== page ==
People fleeing persecution and war in countries such as Syria are arriving in traditional tourists hotspots such as the Greek islands.
“[Customers are] asking: ‘Do I want to go to sea and have my vacation disrupted?,’” chief executive Arnold Donald told news agency Bloomberg.
“‘What if the ship has to stop to pick up refugees? I don’t know who they are, what am I exposing myself to?’ There is a consternation.”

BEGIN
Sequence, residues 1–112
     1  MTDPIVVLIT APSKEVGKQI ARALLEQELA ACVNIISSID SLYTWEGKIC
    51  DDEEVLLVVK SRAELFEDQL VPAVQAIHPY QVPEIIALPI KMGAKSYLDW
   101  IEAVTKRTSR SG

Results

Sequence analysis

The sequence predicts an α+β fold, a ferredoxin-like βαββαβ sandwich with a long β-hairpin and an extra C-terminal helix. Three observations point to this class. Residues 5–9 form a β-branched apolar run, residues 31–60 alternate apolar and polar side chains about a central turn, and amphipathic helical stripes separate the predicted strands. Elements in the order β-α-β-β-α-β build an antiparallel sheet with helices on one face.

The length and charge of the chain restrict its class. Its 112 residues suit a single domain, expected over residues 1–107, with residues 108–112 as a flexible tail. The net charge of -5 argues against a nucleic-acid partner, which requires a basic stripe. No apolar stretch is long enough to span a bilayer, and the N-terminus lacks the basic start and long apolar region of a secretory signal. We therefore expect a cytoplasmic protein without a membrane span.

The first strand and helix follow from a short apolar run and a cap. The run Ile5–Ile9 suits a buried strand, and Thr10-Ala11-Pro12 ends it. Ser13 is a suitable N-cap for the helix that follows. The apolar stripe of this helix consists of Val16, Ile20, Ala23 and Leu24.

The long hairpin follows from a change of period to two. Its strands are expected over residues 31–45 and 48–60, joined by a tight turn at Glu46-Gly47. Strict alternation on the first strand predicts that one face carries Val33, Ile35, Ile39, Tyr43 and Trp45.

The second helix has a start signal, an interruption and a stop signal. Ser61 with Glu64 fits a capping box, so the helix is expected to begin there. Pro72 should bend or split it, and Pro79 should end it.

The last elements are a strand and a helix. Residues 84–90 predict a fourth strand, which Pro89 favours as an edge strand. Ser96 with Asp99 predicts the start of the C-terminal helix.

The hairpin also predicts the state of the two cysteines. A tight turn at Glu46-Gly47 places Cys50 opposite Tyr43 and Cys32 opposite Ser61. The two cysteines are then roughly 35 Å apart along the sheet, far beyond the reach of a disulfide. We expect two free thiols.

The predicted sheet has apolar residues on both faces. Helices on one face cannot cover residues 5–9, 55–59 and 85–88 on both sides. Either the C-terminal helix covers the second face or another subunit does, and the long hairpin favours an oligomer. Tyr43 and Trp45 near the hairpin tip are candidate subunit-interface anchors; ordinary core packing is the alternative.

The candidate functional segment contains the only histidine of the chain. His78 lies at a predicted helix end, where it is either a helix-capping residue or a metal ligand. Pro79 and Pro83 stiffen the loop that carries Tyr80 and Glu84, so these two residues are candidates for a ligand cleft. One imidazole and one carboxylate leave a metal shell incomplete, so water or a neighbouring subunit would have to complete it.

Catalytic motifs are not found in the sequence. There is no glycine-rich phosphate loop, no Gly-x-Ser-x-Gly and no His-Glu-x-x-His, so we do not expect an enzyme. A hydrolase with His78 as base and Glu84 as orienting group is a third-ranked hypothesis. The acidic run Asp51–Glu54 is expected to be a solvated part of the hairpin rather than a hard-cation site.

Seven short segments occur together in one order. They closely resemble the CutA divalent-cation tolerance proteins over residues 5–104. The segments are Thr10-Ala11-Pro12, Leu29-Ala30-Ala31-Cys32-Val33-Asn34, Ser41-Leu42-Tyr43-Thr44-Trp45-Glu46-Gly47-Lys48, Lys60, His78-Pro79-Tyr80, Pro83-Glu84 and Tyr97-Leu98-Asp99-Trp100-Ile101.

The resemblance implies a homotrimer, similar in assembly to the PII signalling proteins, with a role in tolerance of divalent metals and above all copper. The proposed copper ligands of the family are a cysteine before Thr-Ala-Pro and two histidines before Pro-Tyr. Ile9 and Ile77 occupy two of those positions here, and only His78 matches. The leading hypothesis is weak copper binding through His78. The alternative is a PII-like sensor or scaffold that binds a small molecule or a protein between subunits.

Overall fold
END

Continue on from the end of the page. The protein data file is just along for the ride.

Donald was speaking after the company announced a slight fall in its third-quarter profits.
The company reported net income of $1.22bn, down from $1.24bn.
Revenue for the three months to the end of August dropped by 1.3% to $4.88bn.
Despite this, the results beat expectations and Carnival has upped its guidance for the full year from between $2.35 and $2.50 per share to between $2.56 and $2.60 per share.